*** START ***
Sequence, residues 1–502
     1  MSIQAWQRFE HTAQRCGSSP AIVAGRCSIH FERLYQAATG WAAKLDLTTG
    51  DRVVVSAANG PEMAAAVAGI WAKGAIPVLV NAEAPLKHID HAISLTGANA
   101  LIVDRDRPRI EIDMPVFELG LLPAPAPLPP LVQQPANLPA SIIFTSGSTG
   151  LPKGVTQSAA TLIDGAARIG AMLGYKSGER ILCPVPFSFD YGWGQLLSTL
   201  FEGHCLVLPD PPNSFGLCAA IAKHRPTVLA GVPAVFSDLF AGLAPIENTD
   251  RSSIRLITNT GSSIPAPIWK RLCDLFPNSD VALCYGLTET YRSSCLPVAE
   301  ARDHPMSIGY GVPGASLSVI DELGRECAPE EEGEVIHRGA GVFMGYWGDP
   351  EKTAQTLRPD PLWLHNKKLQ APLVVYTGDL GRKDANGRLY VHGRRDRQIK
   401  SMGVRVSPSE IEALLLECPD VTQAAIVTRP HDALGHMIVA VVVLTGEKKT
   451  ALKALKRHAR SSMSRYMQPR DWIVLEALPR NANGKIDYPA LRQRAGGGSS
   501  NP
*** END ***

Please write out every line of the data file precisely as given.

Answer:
Sequence, residues 1–502
     1  MSIQAWQRFE HTAQRCGSSP AIVAGRCSIH FERLYQAATG WAAKLDLTTG
    51  DRVVVSAANG PEMAAAVAGI WAKGAIPVLV NAEAPLKHID HAISLTGANA
   101  LIVDRDRPRI EIDMPVFELG LLPAPAPLPP LVQQPANLPA SIIFTSGSTG
   151  LPKGVTQSAA TLIDGAARIG AMLGYKSGER ILCPVPFSFD YGWGQLLSTL
   201  FEGHCLVLPD PPNSFGLCAA IAKHRPTVLA GVPAVFSDLF AGLAPIENTD
   251  RSSIRLITNT GSSIPAPIWK RLCDLFPNSD VALCYGLTET YRSSCLPVAE
   301  ARDHPMSIGY GVPGASLSVI DELGRECAPE EEGEVIHRGA GVFMGYWGDP
   351  EKTAQTLRPD PLWLHNKKLQ APLVVYTGDL GRKDANGRLY VHGRRDRQIK
   401  SMGVRVSPSE IEALLLECPD VTQAAIVTRP HDALGHMIVA VVVLTGEKKT
   451  ALKALKRHAR SSMSRYMQPR DWIVLEALPR NANGKIDYPA LRQRAGGGSS
   501  NP